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This is a discussion on Help.. within the Barrel Racing forums, part of the Western Riding category

     
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        09-17-2010, 12:02 PM
      #11
    Started
    When you're doing some slow work, trot or lope up to the barrel and stop (maybe a length before the barrel). Then make your turn, exaggerating your pocket.

    I had a horse that tried to run over the first barrel, and here's how I fixed it. We did a lot of slow work, including the above. Sometimes, I would counter-arc him before we turned the barrel because he was a little heavy. I also set up a cone about 30 ft from the barrel (for the first barrel, I put the cone on the third barrel side straight up the fence, does that make sense?). I would turn the barrel with a big pocket and then lope three big, relaxed circles around the cone. On the last circle I would stop when I was facing the second barrel and let him stand for a minute, then ask him to lope off on the left lead. We did the same thing for all three barrels.

    I learned this last exercise at a clinic, and it was extremely helpful. It helped tremendously with finishing turns, but also taught him to not cut off the back side of the pocket.

    Good luck, and let us know how things are going.
         
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        09-17-2010, 12:16 PM
      #12
    Started
    Quote:
    Originally Posted by aforred    
    When you're doing some slow work, trot or lope up to the barrel and stop (maybe a length before the barrel). Then make your turn, exaggerating your pocket.

    I had a horse that tried to run over the first barrel, and here's how I fixed it. We did a lot of slow work, including the above. Sometimes, I would counter-arc him before we turned the barrel because he was a little heavy. I also set up a cone about 30 ft from the barrel (for the first barrel, I put the cone on the third barrel side straight up the fence, does that make sense?). I would turn the barrel with a big pocket and then lope three big, relaxed circles around the cone. On the last circle I would stop when I was facing the second barrel and let him stand for a minute, then ask him to lope off on the left lead. We did the same thing for all three barrels.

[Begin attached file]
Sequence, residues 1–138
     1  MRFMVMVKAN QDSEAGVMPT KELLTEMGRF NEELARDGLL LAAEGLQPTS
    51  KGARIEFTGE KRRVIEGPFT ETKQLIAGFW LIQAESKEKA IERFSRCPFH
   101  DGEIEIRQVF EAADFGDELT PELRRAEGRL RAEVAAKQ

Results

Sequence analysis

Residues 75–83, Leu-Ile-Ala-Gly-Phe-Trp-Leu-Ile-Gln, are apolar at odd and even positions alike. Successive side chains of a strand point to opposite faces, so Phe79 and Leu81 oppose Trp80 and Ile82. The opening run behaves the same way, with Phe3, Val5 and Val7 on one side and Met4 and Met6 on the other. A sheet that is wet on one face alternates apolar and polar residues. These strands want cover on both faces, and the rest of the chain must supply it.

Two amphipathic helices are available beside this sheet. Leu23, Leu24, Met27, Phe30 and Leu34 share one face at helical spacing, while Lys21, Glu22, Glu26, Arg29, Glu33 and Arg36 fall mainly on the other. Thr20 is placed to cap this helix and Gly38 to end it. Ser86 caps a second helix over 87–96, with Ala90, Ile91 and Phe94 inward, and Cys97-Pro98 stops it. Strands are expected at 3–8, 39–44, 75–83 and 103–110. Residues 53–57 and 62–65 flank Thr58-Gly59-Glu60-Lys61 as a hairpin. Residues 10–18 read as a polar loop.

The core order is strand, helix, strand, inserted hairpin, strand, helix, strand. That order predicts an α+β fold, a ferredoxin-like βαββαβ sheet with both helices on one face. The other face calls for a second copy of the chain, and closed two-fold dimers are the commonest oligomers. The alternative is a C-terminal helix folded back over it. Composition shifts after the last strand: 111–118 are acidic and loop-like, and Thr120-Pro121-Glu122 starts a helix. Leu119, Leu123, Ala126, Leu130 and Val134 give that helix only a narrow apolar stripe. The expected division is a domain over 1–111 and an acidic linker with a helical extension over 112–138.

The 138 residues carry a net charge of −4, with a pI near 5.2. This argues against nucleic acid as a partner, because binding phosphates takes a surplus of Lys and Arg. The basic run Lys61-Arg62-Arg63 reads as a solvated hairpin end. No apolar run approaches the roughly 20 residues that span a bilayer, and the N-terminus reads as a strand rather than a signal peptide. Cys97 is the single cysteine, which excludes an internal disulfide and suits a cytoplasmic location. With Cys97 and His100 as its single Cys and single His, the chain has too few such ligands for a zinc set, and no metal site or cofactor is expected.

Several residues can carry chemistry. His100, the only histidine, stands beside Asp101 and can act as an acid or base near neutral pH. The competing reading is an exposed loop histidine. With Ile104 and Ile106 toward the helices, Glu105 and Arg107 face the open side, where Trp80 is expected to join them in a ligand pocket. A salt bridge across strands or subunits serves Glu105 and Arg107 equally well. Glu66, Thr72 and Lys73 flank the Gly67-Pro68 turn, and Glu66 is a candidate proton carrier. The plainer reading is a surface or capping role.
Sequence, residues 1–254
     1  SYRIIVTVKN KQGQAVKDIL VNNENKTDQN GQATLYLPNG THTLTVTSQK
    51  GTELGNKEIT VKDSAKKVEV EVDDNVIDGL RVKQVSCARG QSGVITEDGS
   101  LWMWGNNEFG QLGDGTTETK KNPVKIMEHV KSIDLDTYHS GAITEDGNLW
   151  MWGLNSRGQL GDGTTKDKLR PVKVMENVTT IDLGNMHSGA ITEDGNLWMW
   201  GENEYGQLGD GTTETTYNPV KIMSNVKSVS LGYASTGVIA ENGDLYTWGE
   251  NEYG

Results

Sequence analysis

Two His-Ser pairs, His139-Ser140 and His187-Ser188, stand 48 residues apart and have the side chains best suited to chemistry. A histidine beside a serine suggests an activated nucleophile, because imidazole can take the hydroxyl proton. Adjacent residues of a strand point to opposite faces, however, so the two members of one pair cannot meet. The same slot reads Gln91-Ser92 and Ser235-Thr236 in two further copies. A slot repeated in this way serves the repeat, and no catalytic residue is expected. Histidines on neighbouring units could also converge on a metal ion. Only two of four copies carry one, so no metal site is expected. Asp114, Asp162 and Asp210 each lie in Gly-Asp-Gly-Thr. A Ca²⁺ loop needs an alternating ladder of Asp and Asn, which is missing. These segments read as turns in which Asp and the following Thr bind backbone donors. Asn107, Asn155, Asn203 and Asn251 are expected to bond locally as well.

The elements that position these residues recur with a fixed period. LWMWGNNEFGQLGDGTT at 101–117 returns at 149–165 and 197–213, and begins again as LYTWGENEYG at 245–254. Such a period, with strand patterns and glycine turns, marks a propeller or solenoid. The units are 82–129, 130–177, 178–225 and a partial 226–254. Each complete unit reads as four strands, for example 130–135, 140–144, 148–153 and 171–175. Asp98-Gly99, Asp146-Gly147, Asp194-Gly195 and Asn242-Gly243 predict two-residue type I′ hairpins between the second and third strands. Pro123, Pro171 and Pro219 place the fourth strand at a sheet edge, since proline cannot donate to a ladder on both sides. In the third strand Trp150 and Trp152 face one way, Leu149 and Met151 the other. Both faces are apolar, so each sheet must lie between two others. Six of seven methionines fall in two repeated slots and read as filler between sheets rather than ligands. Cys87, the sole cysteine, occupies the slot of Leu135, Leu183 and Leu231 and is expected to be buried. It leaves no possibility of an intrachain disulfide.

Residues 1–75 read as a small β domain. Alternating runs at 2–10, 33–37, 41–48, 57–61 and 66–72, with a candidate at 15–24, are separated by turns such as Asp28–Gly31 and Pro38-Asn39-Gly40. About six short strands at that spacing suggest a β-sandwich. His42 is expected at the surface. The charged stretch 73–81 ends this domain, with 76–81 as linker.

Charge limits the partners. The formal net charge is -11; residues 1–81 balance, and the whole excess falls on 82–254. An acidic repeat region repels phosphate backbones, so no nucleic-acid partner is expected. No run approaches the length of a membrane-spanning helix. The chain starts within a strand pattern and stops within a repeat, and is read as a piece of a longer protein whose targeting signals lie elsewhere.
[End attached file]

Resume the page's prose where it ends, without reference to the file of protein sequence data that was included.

I learned this last exercise at a clinic, and it was extremely helpful. It helped tremendously with finishing turns, but also taught him to not cut off the back side of the pocket.

    Good luck, and let us know how things are going.
    Counter-arcing can make them drop their shoulder sometimes. Making them run past the barrel and then turning works much better, believe me. Been there, done that! Got lots of bruises from it. If you're going to use the technique of running past the barrel, then I suggest stopping just a hair past the barrel, back up a couple steps in the direction you came, and let them sit there for a second before you go on. Circling it twice does me some good. I like the cone idea! I'm going to try that one myself.
         
        09-17-2010, 12:22 PM
      #13
    Started
    How does counter-arcing cause them to drop their shoulder? Say I'm turning the first barrel, and I stop where I want him to set while we're running. I bend him to the right and push him in a circle to the left (I did this because he was heavy) then used that same bend to take him around the barrel. When I was having shoulder-dropping issues when I first started, it was because of the way I was riding. When I stopped dropping my inside shoulder going around a barrel or pole, my horses stopped doing it, too.
         
        09-17-2010, 12:28 PM
      #14
    Started
    Quote:
    Originally Posted by aforred    
    How does counter-arcing cause them to drop their shoulder? Say I'm turning the first barrel, and I stop where I want him to set while we're running. I bend him to the right and push him in a circle to the left (I did this because he was heavy) then used that same bend to take him around the barrel. When I was having shoulder-dropping issues when I first started, it was because of the way I was riding. When I stopped dropping my inside shoulder going around a barrel or pole, my horses stopped doing it, too.
    Sorry! Misunderstood you. I thought you meant that you turn your horses head to the left as you are turning right. My bad!
         
        09-17-2010, 12:45 PM
      #15
    Started
    Oh, sorry, I didn't explain that well, did I?
         

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